Post Independent opinion: Exploration appreciated, but approach performing arts center with caution | PostIndependent.com
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Post Independent opinion: Exploration appreciated, but approach performing arts center with caution

Community leaders are exploring the long-simmering idea of building a performing arts facility in Glenwood Springs. We commend the group for its initiative in researching creative options. Nevertheless, early estimates for construction and operating costs give us pause.

It’s a lovely idea to have a new performing arts space in town, with a mix of films and live entertainment presented by locals and touring groups. But it’s a sobering notion to think of raising the millions needed for construction and to commit to an annual financial subsidy of such a facility.

In its essence, this proposal as it evolves will force us to define the cultural identity of Glenwood Springs. Should we be investing more in the arts to complement the extensive public and private sector investments in recreation?



For decades now, Glenwood Springs has focused its civic and commercial efforts on a tourist economy centered on recreation: hot springs, skiing, rafting, cycling, hiking, fishing and caving. The community has spent millions on amenities such as the river trail system, the whitewater park, the community center, the ice rink, parks, tennis courts and ballfields.

It’s no accident that Glenwood Springs has been recognized by mapmaker Rand McNally as the “most fun town” in the U.S.



Meanwhile, the city’s performing arts study committee is focused on an investment in cultural resources, along with providing a large meeting space that could accommodate larger events. The facilities would be part of the Glenwood Springs Community Center.

The rough proposal is to build a 350- to 500-seat theater with telescoping seating that can be pushed back to expose a large flat floor, and to enclose the ice rink for seven months of skating and five months of conferences and other events.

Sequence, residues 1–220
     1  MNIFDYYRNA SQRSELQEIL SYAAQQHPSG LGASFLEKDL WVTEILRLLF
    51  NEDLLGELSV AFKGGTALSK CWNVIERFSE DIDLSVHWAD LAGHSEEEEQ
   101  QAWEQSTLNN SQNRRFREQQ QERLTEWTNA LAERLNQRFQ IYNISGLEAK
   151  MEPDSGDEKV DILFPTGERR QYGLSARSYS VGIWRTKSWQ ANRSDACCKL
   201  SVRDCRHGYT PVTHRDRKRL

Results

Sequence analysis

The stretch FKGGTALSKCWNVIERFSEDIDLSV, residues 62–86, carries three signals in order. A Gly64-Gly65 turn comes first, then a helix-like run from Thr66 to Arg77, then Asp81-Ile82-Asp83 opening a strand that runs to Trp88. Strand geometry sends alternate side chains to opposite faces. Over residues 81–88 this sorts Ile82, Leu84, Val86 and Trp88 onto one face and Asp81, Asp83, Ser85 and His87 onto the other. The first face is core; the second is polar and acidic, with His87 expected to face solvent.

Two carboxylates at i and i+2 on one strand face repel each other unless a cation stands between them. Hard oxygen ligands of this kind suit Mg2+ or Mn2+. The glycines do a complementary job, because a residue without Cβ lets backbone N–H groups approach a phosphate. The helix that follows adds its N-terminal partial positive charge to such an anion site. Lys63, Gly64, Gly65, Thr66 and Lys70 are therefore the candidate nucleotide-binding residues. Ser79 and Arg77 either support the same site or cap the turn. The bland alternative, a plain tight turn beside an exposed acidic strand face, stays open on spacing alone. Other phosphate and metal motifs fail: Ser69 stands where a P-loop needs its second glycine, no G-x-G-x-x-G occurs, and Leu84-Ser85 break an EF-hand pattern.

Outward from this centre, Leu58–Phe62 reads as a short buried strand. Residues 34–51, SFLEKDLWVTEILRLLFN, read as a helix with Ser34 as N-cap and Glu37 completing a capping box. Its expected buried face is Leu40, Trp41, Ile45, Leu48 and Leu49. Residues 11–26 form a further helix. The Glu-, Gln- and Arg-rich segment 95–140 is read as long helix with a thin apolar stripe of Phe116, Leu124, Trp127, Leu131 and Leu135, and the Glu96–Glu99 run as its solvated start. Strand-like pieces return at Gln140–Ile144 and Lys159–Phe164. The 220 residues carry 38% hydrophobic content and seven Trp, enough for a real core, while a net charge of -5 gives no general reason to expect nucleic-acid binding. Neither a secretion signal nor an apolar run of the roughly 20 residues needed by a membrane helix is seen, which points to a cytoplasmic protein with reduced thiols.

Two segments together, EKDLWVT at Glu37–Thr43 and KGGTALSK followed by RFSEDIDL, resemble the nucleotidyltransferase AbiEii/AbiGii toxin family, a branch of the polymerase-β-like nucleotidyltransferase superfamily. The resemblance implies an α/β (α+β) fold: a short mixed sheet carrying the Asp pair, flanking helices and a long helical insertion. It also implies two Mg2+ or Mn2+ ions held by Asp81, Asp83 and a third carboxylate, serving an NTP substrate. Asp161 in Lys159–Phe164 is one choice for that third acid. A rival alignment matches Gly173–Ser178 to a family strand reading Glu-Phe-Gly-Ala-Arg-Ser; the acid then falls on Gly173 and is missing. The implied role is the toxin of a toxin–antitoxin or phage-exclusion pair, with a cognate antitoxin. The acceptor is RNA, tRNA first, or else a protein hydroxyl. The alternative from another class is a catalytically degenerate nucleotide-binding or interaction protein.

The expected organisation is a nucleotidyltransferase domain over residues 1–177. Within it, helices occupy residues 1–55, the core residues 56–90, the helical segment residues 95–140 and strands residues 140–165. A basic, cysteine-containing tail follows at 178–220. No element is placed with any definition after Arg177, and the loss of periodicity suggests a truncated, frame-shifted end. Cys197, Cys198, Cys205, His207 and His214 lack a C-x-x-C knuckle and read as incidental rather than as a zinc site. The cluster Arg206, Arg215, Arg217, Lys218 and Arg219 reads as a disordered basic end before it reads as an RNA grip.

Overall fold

The combined venture would cost anywhere from $20 million to $26 million, plus an annual operating subsidy of $350,000 to $400,000.

Right now, those numbers sound daunting and risky. It’s hard to imagine that our community would have the audience for 90 to 100 shows and another 120 days of special events a year, but perhaps we are not thinking big enough.

Maybe Glenwood Springs is ready for a performing arts facility completely open to community and touring entertainment bookings without the scheduling constraints that limit performances in the Jeannie Miller Theatre at Glenwood Springs High School.

Suffice it to say, the financial plan for such a venture would have to involve a new source of income.

One idea being discussed is a small-scale version of metro Denver’s Scientific and Cultural Facilities District, which uses a 1 cent per $10 sales tax to fund museums, nature centers, art centers and performing arts groups.

This funding question is the next step in the work being done by the committee, and we urge the Glenwood Springs City Council to ask the group to develop a financial plan for this ambitious vision. With the full picture in hand, we can then decide whether this proposed cultural investment is worthwhile or viable.


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